Now, we turn to Cyrus. Not long after his father's army discharge, Cyrus, on August 18, 1862, in Pittsburg, (some company muster files indicate Greensburg), PA with Daniel's written consent, he enlisted in and was mustered into his father's old infantry regiment and company. At enrollment Cyrus’ vital statistics were noted as follows: Age - 20.4 years; Height - 5' 6.5"; Eyes - blue; Hair - light. In later military paperwork, his occupation would be listed as "farmer." Interestingly, at enlistment Cyrus signed his name as Syrus. As we shall see, medically the younger Private Armbrust would not fare much better than the elder Private Armbrust.
Cyrus' military experience can be summed up in two words: "Absent, Sick." As early as mid- September the company muster roll noted him as absent, he having been "left behind" in a hospital at Frederick City, Maryland. Shortly thereafter on the 24th of September, he was admitted to Stewart's Mansion Hospital in Baltimore. He would remain there until November the 6th when he was moved from Baltimore to the general hospital at York, PA. Diagnosis: Chronic rheumatism.
1863. On January 12th, Cyrus was returned to duty from his hospital stay in York. The duty stint, however, was short-lived as on February 4th he was again hospitalized at the Judiciary Square facility in Washington, D.C. with a diagnosis of “keratitis, left (eye) with ulceration.” (Note: A 2/25/04 search of military medical records would note that from 1/19 to 2/7/63 Private Armbrust was also treated for masturbation.) From D.C., on March 23rd, Private Armbrust was moved to Desmarres eye and ear infirmary in Washington City, again with a diagnosis of Keratitis, left (eye) with ulceration. This continuing condition would result in Cyrus’ discharge from that facility and the U.S. Army he having been unfit to perform the duties of a soldier for 60 days. The medical disability discharge was granted on April 6, 1863. Existing medical notes also mention "angina pectoris (heart disease) occurring since enlistment. Degree of disability = 1/4.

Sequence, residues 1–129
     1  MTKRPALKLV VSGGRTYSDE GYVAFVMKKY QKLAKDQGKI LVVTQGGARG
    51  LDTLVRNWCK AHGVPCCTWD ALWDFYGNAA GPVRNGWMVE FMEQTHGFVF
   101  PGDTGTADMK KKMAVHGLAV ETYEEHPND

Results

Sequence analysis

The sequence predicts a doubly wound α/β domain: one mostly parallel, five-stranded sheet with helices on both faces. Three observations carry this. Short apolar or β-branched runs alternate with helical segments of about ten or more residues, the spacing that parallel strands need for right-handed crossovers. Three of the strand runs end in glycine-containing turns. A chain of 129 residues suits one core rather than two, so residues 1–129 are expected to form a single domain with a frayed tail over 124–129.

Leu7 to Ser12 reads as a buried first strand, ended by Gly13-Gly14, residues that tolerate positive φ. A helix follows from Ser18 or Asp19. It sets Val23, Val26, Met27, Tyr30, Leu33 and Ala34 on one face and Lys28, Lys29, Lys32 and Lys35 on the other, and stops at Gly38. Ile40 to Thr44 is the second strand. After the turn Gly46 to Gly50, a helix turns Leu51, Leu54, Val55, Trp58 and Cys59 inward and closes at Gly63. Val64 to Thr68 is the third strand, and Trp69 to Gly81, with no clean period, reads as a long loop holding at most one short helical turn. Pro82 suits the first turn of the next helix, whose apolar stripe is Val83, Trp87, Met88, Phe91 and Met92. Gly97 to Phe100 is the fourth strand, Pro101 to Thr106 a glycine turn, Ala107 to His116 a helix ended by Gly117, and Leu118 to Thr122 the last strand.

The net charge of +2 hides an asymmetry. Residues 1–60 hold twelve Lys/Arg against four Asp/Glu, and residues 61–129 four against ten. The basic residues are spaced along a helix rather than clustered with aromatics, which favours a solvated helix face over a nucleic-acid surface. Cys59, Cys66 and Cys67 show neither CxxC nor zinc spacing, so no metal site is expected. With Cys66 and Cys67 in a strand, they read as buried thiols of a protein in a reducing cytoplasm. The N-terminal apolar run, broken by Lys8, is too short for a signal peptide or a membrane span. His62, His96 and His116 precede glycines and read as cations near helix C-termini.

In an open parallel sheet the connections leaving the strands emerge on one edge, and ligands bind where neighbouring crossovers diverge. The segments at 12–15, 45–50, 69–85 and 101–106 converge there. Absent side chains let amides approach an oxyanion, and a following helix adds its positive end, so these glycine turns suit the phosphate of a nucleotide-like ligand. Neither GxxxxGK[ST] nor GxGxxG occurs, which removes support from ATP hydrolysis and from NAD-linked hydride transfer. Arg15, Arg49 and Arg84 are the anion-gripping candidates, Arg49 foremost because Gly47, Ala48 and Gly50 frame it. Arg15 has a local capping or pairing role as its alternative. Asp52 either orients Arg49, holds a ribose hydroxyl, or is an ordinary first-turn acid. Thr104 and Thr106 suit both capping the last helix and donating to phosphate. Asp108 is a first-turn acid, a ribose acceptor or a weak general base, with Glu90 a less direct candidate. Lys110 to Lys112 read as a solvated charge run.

With army life behind him Cyrus returned to Hempfield, Hempfield Township, Westmoreland County, Pennsylvania. Seemingly unable to pursue a livelihood involving manual labor he appears to have turned his attention to the task of obtaining a U.S. Government disability pension based on his eye problems which reportedly stemmed from his days - even though they may have been limited - of soldiering. This process appears to have begun as early as April 8, 1863 when a medical examination determined: "By reason of..... (the) inflammation of his eyes, in my opinion he is one half disabled from obtaining subsistence by performing manual labor. Said disability was received in the service and is permanent (In terms of particulars) there is obacity of the cornea of the left eye rendering sight so defective as to be of no use. He also has chronic placinitial which may be removed by proper treatment and care." One day later the following was penned, "On 9/14/62 while on the march near Fredrick, Maryland he (Private Cyrus Armbrust) contracted illness causing almost toal blindness of his left eye and extreme weakness in his left shoulder which disabled him from doing the duty of a soldier and from obtaining his subsistance by manual labor. His left eye is yet almost blind and his left arm and shoulder (would) be almost powerless." Continuing in this vein, on 4/14 the first lieutenant of Cyrus' old company noted that the former army private had been disabled while in the line of duty. The disability drumbeat continued in mid-July when it was attested that “while on the march near Frederick, Maryland on 9/14/62 having been for several days previous, unwell and under treatment, he fell down in the ranks with a severe pain in his head affecting his eyes and general system." The report went on the chronicle Private Armbrusts travels to and transfers from hospital to hospital until his final discharge. It concluded by noting that by the time of that discharge he had also become deaf in his left ear.